The result is that there's a practical upper limit on how sharp any observation from earth can be. As a rule of thumb, astronomers estimate than no earth-bound telescope, no matter how big it is, can create an image sharper than one made by a six-inch-diameter telescope (that’s about a hand-span across). Increasing the size of a telescope's mirror can gather more light to make faint objects brighter, but the image won’t get any sharper.

Most important, putting an observatory on a mountaintop means there’s less air to see through, so the "seeing" is better. On a mountaintop, there’s also less air above you to absorb light from the stars.

The best earthbound locations for optical telescopes, in fact, are on mountaintops in the middle of the ocean near the tropics, where temperature variations are small. That's why, for instance, the Mauna Kea Observatory is situated on the summit of Mauna Kea, the "white mountain" on the island of Hawaii, and the Teide Observatory was built almost 7900 feet (2400 meters) above Tenerife, in the Canary Islands.

The same kinds of locations can also benefit other kinds of observations. In the 1930s, astronomers began to aim antennas at the sky to pick up radio waves from outer space. Unfortunately, though, nearby human activity can interfere with radio reception the same way light interferes with visual observation. Television and radio broadcasts, electric motors, even the signals from car ignitions can be picked up by radio telescopes. For that reason, this kind of observatory also functions best in isolated areas. The Very Large Array, for example, is located 7000 feet high in a remote area west of Socorro, New Mexico. In Puerto Rico, the Arecibo Observatory is nestled in a natural valley surrounded by mountains that shield it from human activity.

Eyes and Ears in the Sky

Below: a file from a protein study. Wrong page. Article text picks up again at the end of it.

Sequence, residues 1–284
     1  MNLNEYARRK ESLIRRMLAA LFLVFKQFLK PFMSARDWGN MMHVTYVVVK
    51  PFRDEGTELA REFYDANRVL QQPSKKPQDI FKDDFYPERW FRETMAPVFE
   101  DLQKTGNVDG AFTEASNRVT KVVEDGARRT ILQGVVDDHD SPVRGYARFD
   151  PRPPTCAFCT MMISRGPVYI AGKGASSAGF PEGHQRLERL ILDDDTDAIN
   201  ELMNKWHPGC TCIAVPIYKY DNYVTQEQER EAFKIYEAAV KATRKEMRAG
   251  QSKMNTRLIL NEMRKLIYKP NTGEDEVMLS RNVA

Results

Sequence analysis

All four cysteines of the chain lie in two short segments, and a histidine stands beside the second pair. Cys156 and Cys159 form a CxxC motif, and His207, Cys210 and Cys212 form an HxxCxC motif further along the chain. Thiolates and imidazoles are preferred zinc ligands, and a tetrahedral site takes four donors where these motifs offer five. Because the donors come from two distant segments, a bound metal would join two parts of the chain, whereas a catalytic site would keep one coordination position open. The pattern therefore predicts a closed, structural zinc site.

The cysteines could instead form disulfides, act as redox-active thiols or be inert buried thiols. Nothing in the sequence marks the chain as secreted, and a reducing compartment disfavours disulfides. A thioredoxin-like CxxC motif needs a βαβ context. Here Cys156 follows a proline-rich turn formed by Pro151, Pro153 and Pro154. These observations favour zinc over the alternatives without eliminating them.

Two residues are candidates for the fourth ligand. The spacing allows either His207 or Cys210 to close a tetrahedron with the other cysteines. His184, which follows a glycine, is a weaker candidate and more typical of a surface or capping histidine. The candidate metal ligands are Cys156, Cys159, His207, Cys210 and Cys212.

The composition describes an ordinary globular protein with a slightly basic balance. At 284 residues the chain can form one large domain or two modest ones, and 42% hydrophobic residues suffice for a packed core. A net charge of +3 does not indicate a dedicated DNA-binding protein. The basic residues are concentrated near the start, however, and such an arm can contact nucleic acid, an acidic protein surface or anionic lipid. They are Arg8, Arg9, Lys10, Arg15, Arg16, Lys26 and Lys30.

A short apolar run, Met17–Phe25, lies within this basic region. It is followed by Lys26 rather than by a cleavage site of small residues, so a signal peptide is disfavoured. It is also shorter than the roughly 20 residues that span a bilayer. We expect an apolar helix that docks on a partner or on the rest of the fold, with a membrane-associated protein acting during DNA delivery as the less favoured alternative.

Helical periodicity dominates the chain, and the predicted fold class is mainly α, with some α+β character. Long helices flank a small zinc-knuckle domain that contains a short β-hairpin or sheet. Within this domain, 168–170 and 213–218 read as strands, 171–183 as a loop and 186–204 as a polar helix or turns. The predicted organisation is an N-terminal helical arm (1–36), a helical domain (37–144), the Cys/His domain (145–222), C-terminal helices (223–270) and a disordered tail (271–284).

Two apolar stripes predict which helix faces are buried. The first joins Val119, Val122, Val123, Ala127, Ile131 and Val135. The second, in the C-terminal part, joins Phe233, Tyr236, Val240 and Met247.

Hubble Telescope
Hubble Telescope, NASA image
Some electromagnetic waves--including gamma rays, X-rays, and some kinds of ultraviolet light--don't get through our atmosphere at all, or are so scattered by it as to be unreadable. Only from mountaintops (or higher) do astronomers stand any chance of observing these wavelengths of light.

To solve these problems, astronomers have long tried to make observations from locations off the planet's surface. In 1911-12, the Austrian researcher Viktor Hess sent instruments up in balloons. He detected radiation that led him to hypothesize (correctly) the existence of cosmic rays. After World War II, American scientists used captured German V-2 rockets to send instruments up above the ozone layer, enabling them make ultraviolet and X-ray observations for the first time. Serious work with aircraft-based observatories began in 1966 and led to the discovery that Uranus had rings.

In 2009, the Next Generation Space Telescope will take us to a new level of cosmological sophistication. But today, the Hubble Space Telescope represents the current culmination of these efforts. For the first time, scientists have a permanent astronomical observatory that's not affected by the problems of light, atmosphere, or extraneous signals. Of course, operating a telescope in space creates its own problems, such as the need for regular servicing missions. But most astronomers would agree that the results are worth it.




© 2001 The Exploratorium